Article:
ThioTEPA

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Thiotepa
ThioTEPA.svg
Clinical data
AHFS/Drugs.com Consumer Drug Information
MedlinePlus a682821
Pregnancy
category
  • AU: D
  • US: D (Evidence of risk)
Routes of
administration
IV, intracavitary, intravesical
ATC code
Legal status
Legal status
Pharmacokinetic data
Metabolism Hepatic (CYP2B, CYP3A)
Biological half-life 1.5-4.1 hours
Excretion Renal
6 hours for ThioTEPA
8 hours for TEPA
Identifiers
CAS Number
PubChem CID
IUPHAR/BPS
DrugBank
ChemSpider
UNII
KEGG
ChEMBL
ECHA InfoCard 100.000.124
Chemical and physical data
Formula C6H12N3PS
Molar mass 189.23 g/mol
3D model (Jmol)
 NYesY (what is this?)  (verify)

ThioTEPA or thiotepa (INN,[1] chemical name: N,N′,N″-triethylenethiophosphoramide) is an alkylating agent used to treat cancer.

ThioTEPA is an organophosphorus compound with the formula SP(NC2H4)3.[2] It is an analogue of N,N′,N″-triethylenephosphoramide (TEPA). This molecule features tetrahedral phosphorus and is structurally akin to phosphate. It is manufactured by heating aziridine with thiophosphoryl chloride.

History and Use[edit]

ThioTEPA was first developed by the American Cyanamid company in the early 1950s and was reported in 1953.[3] In 1959 it was registered as an FDA approved drug therapy for several solid cancers.[4] ThioTEPA has been in use since the 1960s.

ThioTEPA has been designated as an orphan drug by the European Medicines Agency on January 29, 2007, and by the United States Food and Drug Administration (FDA) on April 2, 2007, as a conditioning treatment prior to haematopoietic stem cell transplantation.[5] The applicant for these orphan drug designations was the Italian company Adienne Pharma & Biotech, owner of the drug Tepadina (thiotepa).

Thiotepa is indicated, in combination with other chemotherapy medicinal products:

  • with or without total body irradiation (TBI), as conditioning treatment prior to allogeneic or autologous haematopoietic progenitor cell transplantation (HPCT) in haematological diseases in adult and paediatric patients;
  • when high dose chemotherapy with HPCT support is appropriate for the treatment of solid tumours in adult and paediatric patients.[6]

Thiotepa has been previously used in the palliation of a wide variety of neoplastic diseases. The most consistent results have been in: adenocarcinoma of the breast, adenocarcinoma of the ovary, superficial papillary carcinoma of the urinary bladder and for controlling intracavitary effusions secondary to diffuse or localized neoplastic diseases of various serosal cavities.[6]

Thiotepa is also used as intravesical chemotherapy in bladder cancer. Three patterns of usage is identified:

  1. Prophylactic: before taking cystoscopic biopsy, to prevent seeding of tumor cells;
  2. Adjunctive: at the time of biopsy;
  3. Therapeutic: to prevent recurrence after cystoscopic resection of bladder tumor (transurethral resection of bladder tumor—TURBT)

For therapeutic usage, thiotepa is given in 30 mg doses intravesically weekly for 4–6 weeks. Many studies have reported up to 55% of success rate. Main toxicity of intravesical therapy is due to systemic absorption causing myelosupression, which results in thrombocytopenia and leukopenia.The use of ThioTEPA has been extended for ovarian cancer, Breast cancer, Hodgkin's and non-Hodgkin's lymphomas, and to help control the accumulation of fluid in body cavities that may result from certain cancers.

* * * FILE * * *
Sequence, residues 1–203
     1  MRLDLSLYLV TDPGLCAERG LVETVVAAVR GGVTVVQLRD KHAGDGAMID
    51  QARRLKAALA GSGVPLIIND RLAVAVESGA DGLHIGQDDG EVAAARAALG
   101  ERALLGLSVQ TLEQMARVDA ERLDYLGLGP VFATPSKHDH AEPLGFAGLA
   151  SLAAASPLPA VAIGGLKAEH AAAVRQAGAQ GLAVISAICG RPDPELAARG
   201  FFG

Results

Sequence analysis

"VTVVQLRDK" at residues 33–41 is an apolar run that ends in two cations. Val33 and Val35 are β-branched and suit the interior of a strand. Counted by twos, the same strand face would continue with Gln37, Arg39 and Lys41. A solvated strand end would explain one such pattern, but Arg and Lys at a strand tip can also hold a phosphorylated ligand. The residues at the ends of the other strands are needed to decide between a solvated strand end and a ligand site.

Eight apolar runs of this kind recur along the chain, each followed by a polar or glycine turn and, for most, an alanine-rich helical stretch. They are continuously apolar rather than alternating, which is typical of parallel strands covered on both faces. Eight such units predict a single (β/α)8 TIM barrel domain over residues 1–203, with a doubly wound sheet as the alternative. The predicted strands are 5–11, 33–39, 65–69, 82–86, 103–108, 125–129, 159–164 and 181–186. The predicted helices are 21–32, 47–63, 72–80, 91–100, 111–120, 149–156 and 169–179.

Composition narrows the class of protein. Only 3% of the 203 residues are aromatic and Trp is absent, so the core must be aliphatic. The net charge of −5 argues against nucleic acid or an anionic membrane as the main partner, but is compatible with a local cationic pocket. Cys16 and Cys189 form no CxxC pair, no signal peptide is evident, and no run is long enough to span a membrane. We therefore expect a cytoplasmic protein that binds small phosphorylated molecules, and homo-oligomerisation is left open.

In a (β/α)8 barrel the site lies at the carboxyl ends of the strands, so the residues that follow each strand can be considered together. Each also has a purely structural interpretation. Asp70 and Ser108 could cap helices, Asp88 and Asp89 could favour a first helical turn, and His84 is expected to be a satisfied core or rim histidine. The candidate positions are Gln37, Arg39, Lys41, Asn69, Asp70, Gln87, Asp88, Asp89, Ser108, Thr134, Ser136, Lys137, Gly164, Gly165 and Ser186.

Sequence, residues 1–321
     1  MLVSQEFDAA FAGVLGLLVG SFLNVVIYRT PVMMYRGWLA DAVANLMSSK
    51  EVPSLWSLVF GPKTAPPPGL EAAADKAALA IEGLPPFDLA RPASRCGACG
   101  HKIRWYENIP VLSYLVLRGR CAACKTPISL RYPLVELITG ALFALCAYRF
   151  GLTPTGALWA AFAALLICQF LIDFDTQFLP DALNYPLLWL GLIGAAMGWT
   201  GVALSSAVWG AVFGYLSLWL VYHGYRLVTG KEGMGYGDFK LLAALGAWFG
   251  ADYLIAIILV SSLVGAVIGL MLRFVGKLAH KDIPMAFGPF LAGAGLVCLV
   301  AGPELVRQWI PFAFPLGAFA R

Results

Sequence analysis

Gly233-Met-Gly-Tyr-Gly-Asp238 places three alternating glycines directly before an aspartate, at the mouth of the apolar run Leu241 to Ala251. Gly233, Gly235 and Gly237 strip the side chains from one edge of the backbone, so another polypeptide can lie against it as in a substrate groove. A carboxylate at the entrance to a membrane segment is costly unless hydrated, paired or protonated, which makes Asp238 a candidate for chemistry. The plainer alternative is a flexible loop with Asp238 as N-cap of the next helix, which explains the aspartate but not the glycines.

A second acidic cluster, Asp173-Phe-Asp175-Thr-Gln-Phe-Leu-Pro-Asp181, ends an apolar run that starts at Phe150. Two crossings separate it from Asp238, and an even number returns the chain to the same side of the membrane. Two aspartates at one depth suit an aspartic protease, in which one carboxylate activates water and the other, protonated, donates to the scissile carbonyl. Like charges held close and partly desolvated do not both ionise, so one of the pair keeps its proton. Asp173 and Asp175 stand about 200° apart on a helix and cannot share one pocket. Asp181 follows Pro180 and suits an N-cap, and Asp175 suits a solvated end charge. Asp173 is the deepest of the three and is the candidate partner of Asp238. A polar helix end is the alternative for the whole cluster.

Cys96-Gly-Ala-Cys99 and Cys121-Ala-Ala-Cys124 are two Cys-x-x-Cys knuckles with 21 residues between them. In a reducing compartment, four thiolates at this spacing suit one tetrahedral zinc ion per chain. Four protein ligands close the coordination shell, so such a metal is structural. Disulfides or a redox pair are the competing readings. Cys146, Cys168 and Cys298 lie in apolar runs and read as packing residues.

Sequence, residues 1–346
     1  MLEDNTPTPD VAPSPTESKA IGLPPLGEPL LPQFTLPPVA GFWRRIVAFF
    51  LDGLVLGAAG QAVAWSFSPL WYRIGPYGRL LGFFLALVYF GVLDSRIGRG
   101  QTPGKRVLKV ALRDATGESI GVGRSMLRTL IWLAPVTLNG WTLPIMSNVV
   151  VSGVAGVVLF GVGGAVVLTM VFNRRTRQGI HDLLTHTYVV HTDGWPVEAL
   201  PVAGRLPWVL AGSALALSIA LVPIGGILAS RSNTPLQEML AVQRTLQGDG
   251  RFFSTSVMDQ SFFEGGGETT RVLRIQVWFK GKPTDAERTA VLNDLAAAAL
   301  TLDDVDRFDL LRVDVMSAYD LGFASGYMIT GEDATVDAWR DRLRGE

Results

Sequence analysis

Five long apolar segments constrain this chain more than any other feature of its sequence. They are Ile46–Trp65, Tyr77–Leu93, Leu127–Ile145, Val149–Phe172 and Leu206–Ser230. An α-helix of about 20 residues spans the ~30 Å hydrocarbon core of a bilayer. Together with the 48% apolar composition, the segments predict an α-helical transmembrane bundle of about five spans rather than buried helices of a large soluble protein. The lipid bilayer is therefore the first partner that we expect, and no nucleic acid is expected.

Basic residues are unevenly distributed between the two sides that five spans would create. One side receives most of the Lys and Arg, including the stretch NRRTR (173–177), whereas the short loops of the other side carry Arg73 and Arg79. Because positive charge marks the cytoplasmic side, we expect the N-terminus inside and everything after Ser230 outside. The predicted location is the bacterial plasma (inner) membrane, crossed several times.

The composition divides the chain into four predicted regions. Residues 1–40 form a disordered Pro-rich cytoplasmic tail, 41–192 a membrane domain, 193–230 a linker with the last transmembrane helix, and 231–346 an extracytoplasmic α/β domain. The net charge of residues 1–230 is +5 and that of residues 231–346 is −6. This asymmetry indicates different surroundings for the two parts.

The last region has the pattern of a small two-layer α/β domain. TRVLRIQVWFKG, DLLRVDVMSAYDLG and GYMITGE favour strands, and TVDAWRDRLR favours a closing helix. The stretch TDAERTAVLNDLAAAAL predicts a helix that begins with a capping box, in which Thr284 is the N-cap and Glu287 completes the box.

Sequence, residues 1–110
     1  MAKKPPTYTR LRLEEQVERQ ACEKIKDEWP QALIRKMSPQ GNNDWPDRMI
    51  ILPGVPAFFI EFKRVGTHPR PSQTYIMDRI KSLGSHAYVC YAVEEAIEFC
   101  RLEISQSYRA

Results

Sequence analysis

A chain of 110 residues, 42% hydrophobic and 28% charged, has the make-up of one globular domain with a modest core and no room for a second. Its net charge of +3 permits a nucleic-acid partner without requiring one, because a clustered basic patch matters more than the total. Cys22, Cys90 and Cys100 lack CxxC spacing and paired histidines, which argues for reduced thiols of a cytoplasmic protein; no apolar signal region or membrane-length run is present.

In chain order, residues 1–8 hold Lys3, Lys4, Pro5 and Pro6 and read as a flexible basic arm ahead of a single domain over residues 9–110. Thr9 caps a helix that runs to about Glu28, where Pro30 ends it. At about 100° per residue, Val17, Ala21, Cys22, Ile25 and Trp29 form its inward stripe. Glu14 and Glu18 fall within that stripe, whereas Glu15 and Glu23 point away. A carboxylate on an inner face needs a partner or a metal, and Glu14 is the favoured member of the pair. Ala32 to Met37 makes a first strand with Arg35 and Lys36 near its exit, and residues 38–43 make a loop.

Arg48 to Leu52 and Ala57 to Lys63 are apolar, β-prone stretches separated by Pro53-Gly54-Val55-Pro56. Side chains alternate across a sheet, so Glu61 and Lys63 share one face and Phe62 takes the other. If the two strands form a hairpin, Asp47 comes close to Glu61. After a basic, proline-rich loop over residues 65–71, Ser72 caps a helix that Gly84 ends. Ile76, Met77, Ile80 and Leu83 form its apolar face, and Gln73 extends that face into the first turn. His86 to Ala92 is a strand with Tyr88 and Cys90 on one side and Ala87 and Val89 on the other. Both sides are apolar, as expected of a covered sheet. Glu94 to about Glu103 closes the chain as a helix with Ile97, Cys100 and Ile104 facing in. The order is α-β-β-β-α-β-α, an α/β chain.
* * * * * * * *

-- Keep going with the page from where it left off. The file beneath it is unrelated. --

Thiotepa main toxicity is myelosuppression (bone marrow depression), which is the most serious complication of excessive therapy, causing leukopenia, thrombocytopenia, and anemia.[7] Serious toxicity involving the hematologic, hepatic and respiratory system were considered as expected consequences of the conditioning regimen and transplant process.

References[edit]

  1. ^ "International Non-Proprietary Names for Pharmaceutical Preparations. Recommended International Non-Proprietary Names (Rec. I.N.N.): List 4" (PDF). World Health Organization. March 1962. p. 111. Retrieved 27 November 2016. 
  2. ^ Maanen, M. J.; Smeets, C. J.; Beijnen, J. H. (2000). "Chemistry, pharmacology and pharmacokinetics of N,N',N" -triethylenethiophosphoramide (ThioTEPA)". Cancer Treatment Reviews. 26 (4): 257–268. doi:10.1053/ctrv.2000.0170. PMID 10913381. 
  3. ^ Sykes, M. P.; Karnofsky, D. A.; Philips, F. S.; Burchenal, J. H. (1953). "Clinical studies on triethylenephosphoramide and diethylenephosphoramide, compounds with nitrogen-mustard-like activity". Cancer. 6 (1): 142–148. doi:10.1002/1097-0142(195301)6:1<142::AID-CNCR2820060114>3.0.CO;2-W. 
  4. ^ Kim, Kyu-Won; Roh, Jae Kyung; Wee, Hee-Jun; Kim, Chan (2016). Cancer Drug Discovery: Science and History. Springer. p. 82. ASIN B01N40INAM. ISBN 978-94-024-0844-7. 
  5. ^ "EMA Grants Adienne Marketing Rights for Tepadina". dddmag.com. Drug Discovery & Development. 19 March 2010. Retrieved 25 November 2011. 
  6. ^ a b "URGENT – THIOTEPA UPDATE" (PDF). Food and Drug Administration. ADIENNE Pharma & Biotech. 5 April 2011. Retrieved 25 November 2011. 
  7. ^ Agnelli, G.; de Cunto, M.; Gresele, P.; del Favero, A. (1982). "Early onset life-threatening myelosuppression after low dose of intravesical thiotepa" (pdf). Postgraduate Medical Journal. 58 (680): 380–381. doi:10.1136/pgmj.58.680.380. PMC 2426344Freely accessible. PMID 6812036. 

External links[edit]